But that was before I learned about my fear of heights. And that I get vertigo, and readily pass out when I am upside down.
I wanted to start out on a real mountain, not in a climbing gym. However, it was winter and I was in training at the Olympic cross-country ski course in Alberta, Canada. All the nearby mountains were many feet deep in snow. But as my ski coach pointed out, Banff National Park is considered among the world’s best ice-climbing sites.
That’s how, ten days later, I came to be hanging over a fissure in the ice, holding on for dear life, frozen by the weather (minus 20 Celsius) and fear. It was so cold that whenever my eyes watered, my lashes would freeze together. My fingers had gone past tingling to numb, and I couldn’t remember when I’d last felt my toes.
My instructor had chosen a route up a frozen waterfall. He led the way—turning titanium screws into the ice, attaching carabiners to them, feeding the rope through the protection as he ascended. When he reached a safe stopping point, he would secure himself to the ice. Then it was my turn to tie in and begin climbing on belay. Ice axe in each hand—double-headed pick and hammer in the right and pick and adze in the left, tools that I would have mistaken for butcher’s implements in any other setting—I gradually ascended the vertical column of frozen water.
As we approached the top, the ice became increasingly rotten. Setting a screw, my instructor loosened a frozen sheet, sending it crashing down the mountain and exposing a wide expanse of granite. To continue the climb, we’d have to cross over a crack (a fissure in the ice and rock) to the other side of the waterfall. Luckily, an overhang connected the two sections. But because of the conditions, we’d have to transverse the span of ice and rock on its underside.
I watched my instructor move deftly across the bottom side of the overhang. Then it was my turn. I started out confidently. Only a few moves and I’m there, I told myself. Halfway across, the Velcro flap on my vest pocket started to come loose—I heard that r-r-r-r-i-p sound when the toothy side pulls away from the fuzzy side. My camera was inside that pocket, and I didn’t want to lose the only photos of our ascent. So I paused mid-bridge to refasten my pocket flap.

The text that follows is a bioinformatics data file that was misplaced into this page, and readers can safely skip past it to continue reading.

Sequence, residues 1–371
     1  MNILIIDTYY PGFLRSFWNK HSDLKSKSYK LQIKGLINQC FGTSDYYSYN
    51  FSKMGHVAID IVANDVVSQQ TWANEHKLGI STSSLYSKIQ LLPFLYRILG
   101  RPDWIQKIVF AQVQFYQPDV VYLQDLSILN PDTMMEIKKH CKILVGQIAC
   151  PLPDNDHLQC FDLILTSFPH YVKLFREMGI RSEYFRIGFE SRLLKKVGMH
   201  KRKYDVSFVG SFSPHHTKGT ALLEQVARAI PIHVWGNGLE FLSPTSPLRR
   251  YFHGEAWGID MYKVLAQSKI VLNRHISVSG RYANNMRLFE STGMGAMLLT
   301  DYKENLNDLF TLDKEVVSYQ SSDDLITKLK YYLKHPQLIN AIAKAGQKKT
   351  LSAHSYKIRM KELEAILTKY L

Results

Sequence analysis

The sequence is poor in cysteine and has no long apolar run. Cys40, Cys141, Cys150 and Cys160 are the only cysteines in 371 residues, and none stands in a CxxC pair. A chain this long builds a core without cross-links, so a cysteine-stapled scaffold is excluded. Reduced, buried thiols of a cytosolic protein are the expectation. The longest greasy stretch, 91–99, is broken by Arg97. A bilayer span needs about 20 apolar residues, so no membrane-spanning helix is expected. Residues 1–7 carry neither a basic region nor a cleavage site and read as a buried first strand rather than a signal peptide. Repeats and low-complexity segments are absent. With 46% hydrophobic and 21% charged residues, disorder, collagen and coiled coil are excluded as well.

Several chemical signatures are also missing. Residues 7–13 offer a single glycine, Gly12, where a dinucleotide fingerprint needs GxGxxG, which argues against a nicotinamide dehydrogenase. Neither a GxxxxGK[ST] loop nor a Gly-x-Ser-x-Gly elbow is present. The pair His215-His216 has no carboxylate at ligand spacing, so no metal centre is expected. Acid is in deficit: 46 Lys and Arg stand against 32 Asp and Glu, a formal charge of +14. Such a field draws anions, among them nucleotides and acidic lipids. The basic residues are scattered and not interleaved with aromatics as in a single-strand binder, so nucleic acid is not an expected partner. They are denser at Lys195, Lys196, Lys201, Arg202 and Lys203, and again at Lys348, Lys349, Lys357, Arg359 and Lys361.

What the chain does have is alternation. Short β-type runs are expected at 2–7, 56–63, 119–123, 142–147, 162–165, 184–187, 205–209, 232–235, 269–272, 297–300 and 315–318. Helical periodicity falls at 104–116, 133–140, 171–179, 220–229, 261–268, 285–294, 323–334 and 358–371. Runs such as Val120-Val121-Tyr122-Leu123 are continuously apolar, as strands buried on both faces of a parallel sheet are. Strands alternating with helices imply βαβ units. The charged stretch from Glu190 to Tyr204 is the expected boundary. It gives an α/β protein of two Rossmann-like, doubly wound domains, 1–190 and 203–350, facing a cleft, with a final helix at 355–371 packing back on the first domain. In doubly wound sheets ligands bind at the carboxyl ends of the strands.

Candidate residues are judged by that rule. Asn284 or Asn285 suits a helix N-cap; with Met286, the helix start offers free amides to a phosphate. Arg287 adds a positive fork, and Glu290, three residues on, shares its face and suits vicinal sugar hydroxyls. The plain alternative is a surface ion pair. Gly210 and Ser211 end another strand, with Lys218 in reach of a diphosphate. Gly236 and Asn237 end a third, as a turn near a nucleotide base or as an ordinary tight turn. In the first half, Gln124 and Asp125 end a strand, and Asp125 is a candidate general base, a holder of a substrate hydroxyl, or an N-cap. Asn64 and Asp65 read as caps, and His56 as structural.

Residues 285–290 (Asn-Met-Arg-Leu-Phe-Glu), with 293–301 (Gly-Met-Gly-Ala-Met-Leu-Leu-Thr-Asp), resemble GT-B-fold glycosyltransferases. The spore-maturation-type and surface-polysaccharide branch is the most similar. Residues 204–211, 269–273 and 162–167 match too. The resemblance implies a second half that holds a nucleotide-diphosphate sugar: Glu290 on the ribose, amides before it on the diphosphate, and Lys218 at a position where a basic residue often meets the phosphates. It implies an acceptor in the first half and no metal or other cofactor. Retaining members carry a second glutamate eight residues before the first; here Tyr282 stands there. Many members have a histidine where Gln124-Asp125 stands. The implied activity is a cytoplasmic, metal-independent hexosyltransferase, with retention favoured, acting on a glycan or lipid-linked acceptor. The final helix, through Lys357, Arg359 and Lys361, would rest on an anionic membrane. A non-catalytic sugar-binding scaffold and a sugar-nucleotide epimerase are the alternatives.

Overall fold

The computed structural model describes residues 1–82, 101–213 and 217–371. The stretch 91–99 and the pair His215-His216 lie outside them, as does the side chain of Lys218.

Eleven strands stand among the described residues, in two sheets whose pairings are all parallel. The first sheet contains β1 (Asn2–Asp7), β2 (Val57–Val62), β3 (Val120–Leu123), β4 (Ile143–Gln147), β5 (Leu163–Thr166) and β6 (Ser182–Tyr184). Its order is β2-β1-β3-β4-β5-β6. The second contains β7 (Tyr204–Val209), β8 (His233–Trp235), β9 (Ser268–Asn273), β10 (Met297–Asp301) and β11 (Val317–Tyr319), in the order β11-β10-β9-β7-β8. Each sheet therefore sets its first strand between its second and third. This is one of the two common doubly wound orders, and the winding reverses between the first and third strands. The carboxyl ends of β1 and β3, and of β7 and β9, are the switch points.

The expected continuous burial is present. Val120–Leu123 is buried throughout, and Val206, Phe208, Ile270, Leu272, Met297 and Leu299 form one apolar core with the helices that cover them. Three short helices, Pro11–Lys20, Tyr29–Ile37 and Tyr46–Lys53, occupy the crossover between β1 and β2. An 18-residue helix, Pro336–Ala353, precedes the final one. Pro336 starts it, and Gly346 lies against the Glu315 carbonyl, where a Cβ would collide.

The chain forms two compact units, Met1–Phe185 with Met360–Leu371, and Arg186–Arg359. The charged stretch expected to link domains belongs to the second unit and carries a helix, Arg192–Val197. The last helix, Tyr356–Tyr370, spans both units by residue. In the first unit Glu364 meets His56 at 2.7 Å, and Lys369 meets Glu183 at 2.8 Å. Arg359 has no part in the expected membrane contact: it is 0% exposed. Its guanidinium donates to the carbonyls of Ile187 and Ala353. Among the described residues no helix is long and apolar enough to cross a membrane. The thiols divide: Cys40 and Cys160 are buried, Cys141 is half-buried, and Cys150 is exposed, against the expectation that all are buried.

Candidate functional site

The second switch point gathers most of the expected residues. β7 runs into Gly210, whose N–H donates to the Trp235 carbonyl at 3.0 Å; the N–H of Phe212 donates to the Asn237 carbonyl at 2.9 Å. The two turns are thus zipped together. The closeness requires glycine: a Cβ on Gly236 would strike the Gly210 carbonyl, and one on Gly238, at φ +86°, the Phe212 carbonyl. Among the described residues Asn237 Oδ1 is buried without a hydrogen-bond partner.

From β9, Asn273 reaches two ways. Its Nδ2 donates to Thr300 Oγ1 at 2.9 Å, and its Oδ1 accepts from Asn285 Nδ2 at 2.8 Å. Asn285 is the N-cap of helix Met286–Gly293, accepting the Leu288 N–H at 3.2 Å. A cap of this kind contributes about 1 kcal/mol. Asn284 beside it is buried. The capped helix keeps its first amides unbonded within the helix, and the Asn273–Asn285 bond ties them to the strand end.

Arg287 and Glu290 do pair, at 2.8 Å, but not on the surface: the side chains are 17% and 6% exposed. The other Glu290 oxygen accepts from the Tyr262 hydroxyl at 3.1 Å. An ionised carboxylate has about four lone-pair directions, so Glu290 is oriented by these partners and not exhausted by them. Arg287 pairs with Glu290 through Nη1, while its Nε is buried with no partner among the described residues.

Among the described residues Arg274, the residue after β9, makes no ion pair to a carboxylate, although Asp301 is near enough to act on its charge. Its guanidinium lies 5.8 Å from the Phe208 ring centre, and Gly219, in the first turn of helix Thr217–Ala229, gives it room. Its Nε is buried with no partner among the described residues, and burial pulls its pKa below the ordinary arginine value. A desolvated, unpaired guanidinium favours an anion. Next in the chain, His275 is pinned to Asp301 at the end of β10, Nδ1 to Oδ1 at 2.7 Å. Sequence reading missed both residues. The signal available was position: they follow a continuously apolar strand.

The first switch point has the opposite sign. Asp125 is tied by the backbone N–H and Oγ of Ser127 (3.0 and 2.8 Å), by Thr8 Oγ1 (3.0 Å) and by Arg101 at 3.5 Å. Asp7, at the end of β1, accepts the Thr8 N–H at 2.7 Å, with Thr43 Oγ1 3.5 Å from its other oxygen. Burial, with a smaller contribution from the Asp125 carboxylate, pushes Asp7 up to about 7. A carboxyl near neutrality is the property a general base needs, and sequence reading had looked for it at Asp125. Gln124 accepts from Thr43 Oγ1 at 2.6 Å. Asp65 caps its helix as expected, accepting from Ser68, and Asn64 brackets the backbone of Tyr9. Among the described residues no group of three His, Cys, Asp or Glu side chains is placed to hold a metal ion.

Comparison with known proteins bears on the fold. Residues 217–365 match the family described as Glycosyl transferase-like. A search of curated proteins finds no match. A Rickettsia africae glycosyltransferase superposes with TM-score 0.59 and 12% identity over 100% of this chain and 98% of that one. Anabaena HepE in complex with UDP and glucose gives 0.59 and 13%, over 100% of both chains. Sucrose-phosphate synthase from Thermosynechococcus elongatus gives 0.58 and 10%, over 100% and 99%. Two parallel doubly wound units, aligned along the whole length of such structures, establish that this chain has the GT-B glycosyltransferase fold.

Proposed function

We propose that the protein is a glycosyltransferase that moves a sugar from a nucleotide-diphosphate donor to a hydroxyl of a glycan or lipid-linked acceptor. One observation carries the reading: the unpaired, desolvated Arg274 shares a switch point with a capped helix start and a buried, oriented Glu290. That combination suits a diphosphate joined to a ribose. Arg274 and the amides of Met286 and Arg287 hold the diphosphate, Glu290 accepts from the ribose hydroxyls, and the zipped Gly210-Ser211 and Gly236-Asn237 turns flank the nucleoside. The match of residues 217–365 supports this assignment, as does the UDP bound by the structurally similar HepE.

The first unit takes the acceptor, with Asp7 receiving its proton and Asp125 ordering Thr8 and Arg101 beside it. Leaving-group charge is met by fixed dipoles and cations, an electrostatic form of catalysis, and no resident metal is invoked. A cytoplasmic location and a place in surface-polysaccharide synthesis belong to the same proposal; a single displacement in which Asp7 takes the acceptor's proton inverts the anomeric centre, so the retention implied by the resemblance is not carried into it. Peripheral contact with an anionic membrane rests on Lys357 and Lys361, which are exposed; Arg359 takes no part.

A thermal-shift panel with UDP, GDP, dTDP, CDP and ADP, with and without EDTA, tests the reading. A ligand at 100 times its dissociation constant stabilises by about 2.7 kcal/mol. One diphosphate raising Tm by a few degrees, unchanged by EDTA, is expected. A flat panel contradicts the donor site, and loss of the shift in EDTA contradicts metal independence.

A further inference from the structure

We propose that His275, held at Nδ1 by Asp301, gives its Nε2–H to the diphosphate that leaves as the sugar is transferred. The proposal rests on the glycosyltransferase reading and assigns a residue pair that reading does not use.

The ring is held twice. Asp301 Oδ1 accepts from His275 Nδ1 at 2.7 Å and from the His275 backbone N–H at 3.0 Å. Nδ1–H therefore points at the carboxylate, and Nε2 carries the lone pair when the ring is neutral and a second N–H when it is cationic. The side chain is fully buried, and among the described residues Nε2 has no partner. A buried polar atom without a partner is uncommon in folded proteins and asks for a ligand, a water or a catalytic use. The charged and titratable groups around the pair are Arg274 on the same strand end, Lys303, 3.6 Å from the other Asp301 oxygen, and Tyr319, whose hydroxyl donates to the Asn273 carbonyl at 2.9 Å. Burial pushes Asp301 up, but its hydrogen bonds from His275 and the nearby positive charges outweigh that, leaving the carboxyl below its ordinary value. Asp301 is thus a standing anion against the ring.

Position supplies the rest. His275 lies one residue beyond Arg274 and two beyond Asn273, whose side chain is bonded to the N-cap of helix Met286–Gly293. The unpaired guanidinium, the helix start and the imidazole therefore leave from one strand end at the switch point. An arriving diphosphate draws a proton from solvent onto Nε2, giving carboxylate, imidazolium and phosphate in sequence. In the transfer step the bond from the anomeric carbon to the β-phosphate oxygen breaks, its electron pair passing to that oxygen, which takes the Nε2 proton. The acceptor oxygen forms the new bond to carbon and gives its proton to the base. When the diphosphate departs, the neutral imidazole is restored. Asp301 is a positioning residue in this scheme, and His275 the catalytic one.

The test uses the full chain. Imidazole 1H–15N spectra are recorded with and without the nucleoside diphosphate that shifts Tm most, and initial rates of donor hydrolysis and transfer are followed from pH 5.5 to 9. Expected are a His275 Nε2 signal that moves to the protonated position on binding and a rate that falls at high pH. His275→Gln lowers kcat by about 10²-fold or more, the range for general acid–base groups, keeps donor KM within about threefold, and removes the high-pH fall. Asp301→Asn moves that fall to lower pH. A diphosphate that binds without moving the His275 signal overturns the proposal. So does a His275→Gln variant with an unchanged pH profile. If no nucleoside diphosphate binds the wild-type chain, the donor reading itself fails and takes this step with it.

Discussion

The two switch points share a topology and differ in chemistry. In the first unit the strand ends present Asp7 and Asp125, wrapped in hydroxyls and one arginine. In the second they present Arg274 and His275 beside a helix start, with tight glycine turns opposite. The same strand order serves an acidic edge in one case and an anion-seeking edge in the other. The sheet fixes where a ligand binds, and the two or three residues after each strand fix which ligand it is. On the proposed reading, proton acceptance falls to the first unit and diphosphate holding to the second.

What they say about “never look down” is true. One glance, and I was as frozen as the ice around me. Worse, the Velcro continued to separate. The noise grated like fingernails on a chalkboard.
Reach down and fasten the flap, my brain directed.
No way, my right hand said.
By now, my climbing instructor had joined the conversation. “Focus—you can do this. Just reach forward with your right axe.”
Despite the cold, I had broken out in a sweat. My heart pounded loudly in my ears.
R-i-p went the Velcro.
Grab the camera! said my brain.
My right hand still refused to move.
As it always does, gravity eventually prevailed. With a final tearing sound, the pocket flap opened and the camera slid out.
One thousand one, one thousand two… I got all the way to three before I heard the camera hit the bottom of the crack.
That was all it took to render the rest of me as immobile as my right hand—full deer-in-headlights mode. It was another five minutes before my instructor—resorting to hypnosis—could talk me across to the other side.
After relocating to a warmer clime, I moved on to bouldering. The pattern was always the same: I would climb about a dozen feet up a rock face—just high enough so that a fall, even cushioned by a crash pad, knocked the breath out of me and left bruises—before peeling off and starting all over again.
My skills improved, and a friend suggested I try buildering. As the name indicates, buildings are the terrain of choice, rather than rocks or cliffs. Buildering can be done with or without aids—years ago, a guy walked up the World Trade Center with suction cups strapped to his hands and feet. It’s also usually illegal, with trespassing the minimum charge.
As fate would have it, a climbing mishap left my friend in an ankle cast. Undeterred, I decided to go ahead on my own. Decked out in climbing clothes—black tights and athletic top—I set out late one afternoon for the neighborhood touted as having the most “rock-like” surfaces.
Leaving behind the orange crash pad—I didn’t want to attract attention—I parked the car and sized up my first assault: a two-story restaurant. Fingertips taped for protection, hands coated with chalk from the bag around my waist, I reached for my first hold. The building was faced with brick, and I made it to the first floor window with ease. Elated with success, I quickly descended, then walked to the next building and tried again.